|Mr Charles Plessy, Ph. D.
Senior scientist - Genomics Miniaturization Technology Unit
Building on the projects and achievements described below, I am now leading the Genomics Miniaturization Technology Unit in RIKEN's new Center for Life Science Technologies. This page will not be updated anymore; you can follow our work on single cells and population transcriptomics on our new website at the following address.
Population transcriptomics. We are developing high-troughput methods to profile the transcriptional activity of single cells. My goal is to establish a new field, population transcriptomics, where a biological sample (blood sample, dissociated cells, biopsy, microdissected tissue, etc.) is studied in terms of the population of cell it harbors, grouped by cell types, and the activities of these cells (for instance division, signalling, etc.). In that purpose, I am modifying the nanoCAGE technology that we have developed here, with the aim of 10,000 single cells per sample, that is, up to hundreds of thousands of cells in experimental setups with multiple replicated samples, or millions of cells when aiming at covering a broad number of cell types.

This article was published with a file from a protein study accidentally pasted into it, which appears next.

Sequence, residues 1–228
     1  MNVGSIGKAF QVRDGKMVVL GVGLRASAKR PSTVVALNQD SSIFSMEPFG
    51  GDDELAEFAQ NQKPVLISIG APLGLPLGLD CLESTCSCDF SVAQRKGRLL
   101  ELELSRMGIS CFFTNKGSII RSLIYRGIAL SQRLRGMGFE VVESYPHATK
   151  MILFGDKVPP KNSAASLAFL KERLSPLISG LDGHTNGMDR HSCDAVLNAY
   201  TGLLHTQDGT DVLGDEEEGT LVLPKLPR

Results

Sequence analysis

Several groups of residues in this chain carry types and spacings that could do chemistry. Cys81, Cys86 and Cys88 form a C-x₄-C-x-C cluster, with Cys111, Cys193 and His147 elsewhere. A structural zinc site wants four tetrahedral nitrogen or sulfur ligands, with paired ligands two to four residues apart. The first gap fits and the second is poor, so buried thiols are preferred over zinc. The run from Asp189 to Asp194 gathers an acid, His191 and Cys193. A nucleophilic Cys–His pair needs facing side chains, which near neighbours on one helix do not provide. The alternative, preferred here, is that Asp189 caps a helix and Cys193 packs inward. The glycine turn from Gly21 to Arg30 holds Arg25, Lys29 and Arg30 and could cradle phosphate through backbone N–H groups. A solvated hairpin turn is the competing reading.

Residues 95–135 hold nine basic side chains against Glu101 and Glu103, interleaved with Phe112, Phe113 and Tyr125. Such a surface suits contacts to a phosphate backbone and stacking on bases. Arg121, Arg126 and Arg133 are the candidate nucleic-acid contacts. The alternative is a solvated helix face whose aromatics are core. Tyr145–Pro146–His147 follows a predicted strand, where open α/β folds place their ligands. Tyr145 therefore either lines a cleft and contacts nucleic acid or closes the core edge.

The CAGE method developed at the OSC (see the "Technologies" section of our website) is ideal for studying the regulatory mechanisms that govern cell differentiation and homeostasis, as it focuses on measuring the activity of gene promoters (transcription start sites), in an unbiased way open to the discovery of novel transcripts, with no pre-conceived limit on size, polyadenylation coding potential, etc. We are excited develop new CAGE protocols to produce data that will question many assumptions that were made when working complex mixtures, which will now isolate in single cells. Among the challenges ahead, there are the definition of gene promoters at the single-cell level, where stochastic transcript counts are expected, or the classification of single-cell profiles of promoter activitiy in overlapping categories extending the classical definitions from cell biology, such as cell type, position in the cell cycle, etc. Our role will be to find the novel and the unexpected at the single-cell resolution.
In parallel, I am also studying T and B lymphocytes by high-troughput sequencing, again with single-cell population transcriptomics as a goal, this time defining the cells by the sequence of their receptors.